Temporomandibular joint pain has various medical and dental etiological factors. The etiology of the temporomandibular joint pain is enigmatic, no single etiological factor is regarded as the cause. Its distribution is also not confined to a single area. This article presents the basic etiologic factors, its epidemiology, distribution of pain, classification of patients and the psychosocial behavior of patients suffering with temporomandibular pain. As overwhelming majority of medical and dental conditions/issues related to etiology of temporomandibular pain in patients have traditionally been presented and interpreted from the clinician's point of view. PMID:27601822

  12. [Optimal Postoperative Pain Management After Tonsillectomy: An Unsolved Problem].

    PubMed

    Guntinas-Lichius, O; Geißler, K; Preußler, N-P; Meißner, W

    2016-01-01

    Tonsillectomy is one of the most painful surgical procedures. Unfortunately, it is not unusual that the patient hear statement like: "There is no way around" or "You receive already enough pain killers". Asking the anesthetist or the otorhinolaryngologist, one may get to hear: "Pain after tonsillectomy is not a real problem. We have a reliable pain management protocol". In contradiction, many clinical studies are showing that many patients have persistent and even severe pain after tonsillectomy despite postoperative pain therapy. Considering the results of many controlled clinical trials analyzing manifold varieties of pain management regimes it becomes obvious that there is no standard pain therapy after tonsillectomy with reliable proof of sufficient pain suppression. This review wants to give an overview on the current status of clinical research on pain measurement methods and pain management after tonsillectomy. PMID:26756653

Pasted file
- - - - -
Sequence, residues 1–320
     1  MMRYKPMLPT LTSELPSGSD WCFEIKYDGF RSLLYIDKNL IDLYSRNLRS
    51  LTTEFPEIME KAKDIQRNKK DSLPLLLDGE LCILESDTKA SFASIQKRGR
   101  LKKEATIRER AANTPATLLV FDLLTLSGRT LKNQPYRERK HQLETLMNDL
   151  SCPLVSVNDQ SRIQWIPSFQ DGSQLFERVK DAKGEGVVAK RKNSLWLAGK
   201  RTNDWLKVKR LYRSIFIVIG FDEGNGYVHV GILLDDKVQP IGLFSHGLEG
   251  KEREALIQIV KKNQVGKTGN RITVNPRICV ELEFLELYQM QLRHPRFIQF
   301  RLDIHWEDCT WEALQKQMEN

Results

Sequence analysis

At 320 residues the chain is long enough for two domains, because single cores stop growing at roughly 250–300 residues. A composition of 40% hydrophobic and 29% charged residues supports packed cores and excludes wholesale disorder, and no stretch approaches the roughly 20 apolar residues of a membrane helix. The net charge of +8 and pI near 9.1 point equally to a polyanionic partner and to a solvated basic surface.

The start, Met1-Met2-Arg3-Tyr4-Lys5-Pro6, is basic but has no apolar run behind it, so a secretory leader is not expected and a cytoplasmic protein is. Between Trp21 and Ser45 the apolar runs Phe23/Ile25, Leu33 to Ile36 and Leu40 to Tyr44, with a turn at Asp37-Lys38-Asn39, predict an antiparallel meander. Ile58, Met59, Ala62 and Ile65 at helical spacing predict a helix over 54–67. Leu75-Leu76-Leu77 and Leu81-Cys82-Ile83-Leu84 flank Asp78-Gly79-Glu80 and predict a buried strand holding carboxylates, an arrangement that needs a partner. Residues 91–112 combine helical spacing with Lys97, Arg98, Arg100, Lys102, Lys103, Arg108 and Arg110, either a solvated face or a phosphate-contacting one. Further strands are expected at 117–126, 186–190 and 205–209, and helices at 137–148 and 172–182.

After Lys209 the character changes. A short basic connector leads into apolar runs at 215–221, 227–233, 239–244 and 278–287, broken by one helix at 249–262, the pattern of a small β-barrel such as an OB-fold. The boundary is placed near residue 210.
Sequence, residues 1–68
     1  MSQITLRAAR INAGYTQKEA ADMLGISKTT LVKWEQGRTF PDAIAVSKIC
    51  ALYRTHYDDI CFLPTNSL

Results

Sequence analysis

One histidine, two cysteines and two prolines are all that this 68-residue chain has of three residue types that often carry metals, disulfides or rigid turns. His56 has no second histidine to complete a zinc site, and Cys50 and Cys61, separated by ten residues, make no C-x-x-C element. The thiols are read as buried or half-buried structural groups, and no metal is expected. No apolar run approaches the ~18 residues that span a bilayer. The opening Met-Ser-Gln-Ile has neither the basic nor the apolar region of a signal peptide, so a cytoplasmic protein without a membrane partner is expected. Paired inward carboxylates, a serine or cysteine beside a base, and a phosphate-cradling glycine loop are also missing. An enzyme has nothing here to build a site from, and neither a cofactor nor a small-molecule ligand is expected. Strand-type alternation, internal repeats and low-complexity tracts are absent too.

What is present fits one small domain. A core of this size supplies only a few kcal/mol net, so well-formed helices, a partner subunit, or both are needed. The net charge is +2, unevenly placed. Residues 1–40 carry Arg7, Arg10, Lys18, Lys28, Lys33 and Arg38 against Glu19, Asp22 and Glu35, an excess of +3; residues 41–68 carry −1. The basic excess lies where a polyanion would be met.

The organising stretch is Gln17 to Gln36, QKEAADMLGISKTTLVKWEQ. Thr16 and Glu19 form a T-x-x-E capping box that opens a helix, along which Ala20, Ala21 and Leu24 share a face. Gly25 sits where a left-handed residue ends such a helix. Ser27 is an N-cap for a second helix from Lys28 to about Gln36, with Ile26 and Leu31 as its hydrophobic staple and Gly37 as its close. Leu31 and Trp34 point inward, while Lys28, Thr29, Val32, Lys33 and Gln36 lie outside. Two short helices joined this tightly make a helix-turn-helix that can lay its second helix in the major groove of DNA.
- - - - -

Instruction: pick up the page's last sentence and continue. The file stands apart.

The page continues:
13. Optimizing and Interpreting Insular Functional Connectivity Maps Obtained During Acute Experimental Pain: The Effects of Global Signal and Task Paradigm Regression.

    PubMed

    Ibinson, James W; Vogt, Keith M; Taylor, Kevin B; Dua, Shiv B; Becker, Christopher J; Loggia, Marco; Wasan, Ajay D

    2015-12-01